Thursday, 27 April 2017

Moths: Toadflax Brocade

A nice and welcomed visitor to the Synergetic trap over the weekend was a Toadflax Brocade.

Once a rare moth restricted to Dunge it is now rapidly expanding, its now in Essex and i get a few records a year at the moment however you only have to go a little further north in the County and there not to be found yet but other parts of the country are slowly being colonized.

Only two years ago, the first for Wales was trapped by Mel Oxford.





Sunday, 23 April 2017

Wheatear - Aveley Bay

I'm still getting used to the camera and finding it very enjoyable and frustrating at the same time. I'm keeping it in manual mode at all times, just so i can learn more about the exposure triangle. It does help, I've learnt more since having this one than any other time with a point and shot or my bridge camera.

A Wheatear from the bay from last weekend. I suppose it's personal preference but it was mentioned to me to look at a vertical crop rather than my original horizontal. Both added below



Friday, 14 April 2017

Moths - MV & Actinics

The two traps were out last night, we seem to have hit that lul period between the Quakers and the Prominents, however so new for the year moths were pulled in by both light sets.

The MV caught 14 moths covering 8 species; NFY here were Oak-tree Pug (2) and Seraphim (1).
The Actinic caught 9 moths covering 7 species; NFY here was a single Shuttle-shaped Dart.

Seraphim

Tuesday, 11 April 2017

Vange.....

I got to the office on Monday and after telling a couple of guys i had been to Vange on Sunday they answered "Vange, wtf'ing hell did you go there for".

The answer was Two Black-winged stilts and Adder that went for my foot as i nearly trod on it and a very polite attempted mugging.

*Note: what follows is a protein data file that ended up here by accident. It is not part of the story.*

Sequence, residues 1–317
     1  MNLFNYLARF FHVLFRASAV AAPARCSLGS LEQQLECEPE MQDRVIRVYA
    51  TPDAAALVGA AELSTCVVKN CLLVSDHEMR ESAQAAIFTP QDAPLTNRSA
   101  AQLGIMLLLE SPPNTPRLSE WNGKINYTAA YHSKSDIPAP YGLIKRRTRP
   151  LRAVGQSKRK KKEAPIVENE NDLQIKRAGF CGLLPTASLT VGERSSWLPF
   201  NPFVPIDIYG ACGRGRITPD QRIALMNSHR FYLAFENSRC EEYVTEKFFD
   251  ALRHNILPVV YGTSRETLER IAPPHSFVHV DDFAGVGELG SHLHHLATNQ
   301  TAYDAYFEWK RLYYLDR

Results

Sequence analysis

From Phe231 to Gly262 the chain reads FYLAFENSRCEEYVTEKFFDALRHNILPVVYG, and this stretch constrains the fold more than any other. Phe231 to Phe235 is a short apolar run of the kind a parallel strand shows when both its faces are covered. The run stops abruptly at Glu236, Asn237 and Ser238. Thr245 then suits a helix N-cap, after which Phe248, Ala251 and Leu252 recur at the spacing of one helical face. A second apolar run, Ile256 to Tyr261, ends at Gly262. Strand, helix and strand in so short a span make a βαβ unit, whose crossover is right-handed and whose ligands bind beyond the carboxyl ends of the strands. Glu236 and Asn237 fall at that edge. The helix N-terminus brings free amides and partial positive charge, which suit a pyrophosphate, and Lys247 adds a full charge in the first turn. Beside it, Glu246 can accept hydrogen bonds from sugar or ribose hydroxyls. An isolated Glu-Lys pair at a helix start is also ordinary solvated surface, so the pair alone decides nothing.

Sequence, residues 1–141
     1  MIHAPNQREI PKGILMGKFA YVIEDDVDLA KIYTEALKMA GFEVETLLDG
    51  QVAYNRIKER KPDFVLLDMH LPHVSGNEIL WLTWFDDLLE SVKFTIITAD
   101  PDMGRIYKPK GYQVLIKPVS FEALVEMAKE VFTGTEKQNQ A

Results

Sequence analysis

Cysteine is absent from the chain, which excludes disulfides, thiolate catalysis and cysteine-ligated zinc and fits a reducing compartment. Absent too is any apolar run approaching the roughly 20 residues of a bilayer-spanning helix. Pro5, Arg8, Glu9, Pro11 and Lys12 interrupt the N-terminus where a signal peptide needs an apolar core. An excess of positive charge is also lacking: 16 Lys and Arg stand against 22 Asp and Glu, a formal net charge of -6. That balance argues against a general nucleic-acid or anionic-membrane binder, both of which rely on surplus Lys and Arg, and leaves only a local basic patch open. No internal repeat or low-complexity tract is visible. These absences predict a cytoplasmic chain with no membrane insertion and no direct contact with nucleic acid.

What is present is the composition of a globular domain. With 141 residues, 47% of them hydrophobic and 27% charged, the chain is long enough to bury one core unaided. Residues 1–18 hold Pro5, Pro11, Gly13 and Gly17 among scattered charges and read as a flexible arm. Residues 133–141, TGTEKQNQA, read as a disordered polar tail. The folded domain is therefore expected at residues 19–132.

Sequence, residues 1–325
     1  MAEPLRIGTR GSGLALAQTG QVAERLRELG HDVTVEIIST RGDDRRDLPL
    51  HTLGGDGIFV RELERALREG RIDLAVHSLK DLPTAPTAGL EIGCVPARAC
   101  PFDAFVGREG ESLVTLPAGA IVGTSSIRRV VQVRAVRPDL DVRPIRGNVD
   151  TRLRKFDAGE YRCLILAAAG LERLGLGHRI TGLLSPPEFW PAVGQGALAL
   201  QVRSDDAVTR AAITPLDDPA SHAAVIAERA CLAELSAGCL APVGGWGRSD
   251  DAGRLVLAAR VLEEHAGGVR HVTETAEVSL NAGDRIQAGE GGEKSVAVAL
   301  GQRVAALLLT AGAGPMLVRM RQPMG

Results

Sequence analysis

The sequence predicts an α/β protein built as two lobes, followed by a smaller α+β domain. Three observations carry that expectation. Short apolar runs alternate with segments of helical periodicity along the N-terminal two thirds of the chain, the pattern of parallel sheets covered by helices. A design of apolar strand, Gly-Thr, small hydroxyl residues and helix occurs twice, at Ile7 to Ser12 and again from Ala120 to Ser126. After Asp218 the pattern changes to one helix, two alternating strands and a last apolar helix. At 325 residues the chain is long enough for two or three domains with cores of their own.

With beautiful weather i headed off to Bowers Marsh - nothing there. So i went to Vange.

With a handful of Gypo's at the site racing motor bikes, generally beering it up it made for an altogether peaceful birding experience.

I had Heath with me and as we wandered down towards the Stilts we heard a hiss, looking down an Adder struck out for my right foot; it was close but didn't connect. I don't think it would have made it through my leather boots any how. It slithered off into the longer grass leaving Heath aghast that he had just seen his first wild snake and that it had just gone for us. Cracking experience, although i suppose could have been different if it had gone for him and gone through his canvas shoes.

The Stilts were showing very well with binoculars, no scope needed.

On the return journey a different kind of snake decided he wanted my camera. After a few words we departed, camera firmly on my shoulder. I'm seeing him next Tuesday apparently.......

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Monday, 13 February 2017

Goshawks & Willow Tits

So yesterday i headed out with Dave Darrell-Lambert, Adrian Webb & David Campbell. Dave had answered my request in finding me Goshawks and Willow Ticks for the list.

We headed to Surrey to pick up David and then ventured on to Combe Wood in Berkshire to what seems like a last surviving area for the Willow Tit down south. What a place! I loved it here and will certainly try for another visit - hopefully the Willow Tits will still be around.

A leisurely stroll up hill surrounded by an amazing view. The first thing of note was the kronk of a Raven. Not to be seen at this moment but it was close. On a little further and we were treated to superb eye view Red Kites in the adjacent field. Then they were there......from each direction Ravens. We counted 10 but they were mobile in and out of the woodland and behind out of view this figure could easily be more.

Slowly we made our way towards the woodland when we heard a Bullfinch,  we looked and find it along with numerous others; from this point on wards they were everywhere it seemed; well probably not everywhere but easily double figures. We left Adrian and his lens and headed further down.